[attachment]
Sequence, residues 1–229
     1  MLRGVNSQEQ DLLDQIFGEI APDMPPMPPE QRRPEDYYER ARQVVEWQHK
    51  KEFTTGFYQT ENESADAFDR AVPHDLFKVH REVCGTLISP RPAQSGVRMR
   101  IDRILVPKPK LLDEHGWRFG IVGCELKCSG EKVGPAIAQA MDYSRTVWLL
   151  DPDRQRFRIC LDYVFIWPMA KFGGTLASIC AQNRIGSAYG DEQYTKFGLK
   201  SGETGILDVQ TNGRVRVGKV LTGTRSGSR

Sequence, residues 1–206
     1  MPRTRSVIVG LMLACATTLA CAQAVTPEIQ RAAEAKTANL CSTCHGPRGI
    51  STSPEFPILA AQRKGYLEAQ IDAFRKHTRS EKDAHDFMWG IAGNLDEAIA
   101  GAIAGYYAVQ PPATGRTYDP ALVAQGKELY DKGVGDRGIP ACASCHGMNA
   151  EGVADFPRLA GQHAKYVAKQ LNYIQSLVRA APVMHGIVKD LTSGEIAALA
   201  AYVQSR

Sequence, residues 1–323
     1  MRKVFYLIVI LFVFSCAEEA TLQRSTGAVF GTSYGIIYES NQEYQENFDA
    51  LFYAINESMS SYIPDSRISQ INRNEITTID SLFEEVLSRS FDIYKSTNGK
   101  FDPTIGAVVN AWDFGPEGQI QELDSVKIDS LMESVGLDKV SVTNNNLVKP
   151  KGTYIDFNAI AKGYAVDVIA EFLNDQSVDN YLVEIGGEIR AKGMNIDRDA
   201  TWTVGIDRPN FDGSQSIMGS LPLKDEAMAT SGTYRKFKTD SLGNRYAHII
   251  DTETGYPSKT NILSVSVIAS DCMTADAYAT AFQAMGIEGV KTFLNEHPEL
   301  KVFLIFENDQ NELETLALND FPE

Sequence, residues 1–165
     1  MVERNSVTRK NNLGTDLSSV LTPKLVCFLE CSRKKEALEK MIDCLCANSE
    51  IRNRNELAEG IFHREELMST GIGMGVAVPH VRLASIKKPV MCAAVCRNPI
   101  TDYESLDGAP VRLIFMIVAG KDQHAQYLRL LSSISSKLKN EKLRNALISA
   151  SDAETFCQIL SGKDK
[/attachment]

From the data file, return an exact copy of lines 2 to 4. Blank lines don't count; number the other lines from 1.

     1  MLRGVNSQEQ DLLDQIFGEI APDMPPMPPE QRRPEDYYER ARQVVEWQHK
    51  KEFTTGFYQT ENESADAFDR AVPHDLFKVH REVCGTLISP RPAQSGVRMR
   101  IDRILVPKPK LLDEHGWRFG IVGCELKCSG EKVGPAIAQA MDYSRTVWLL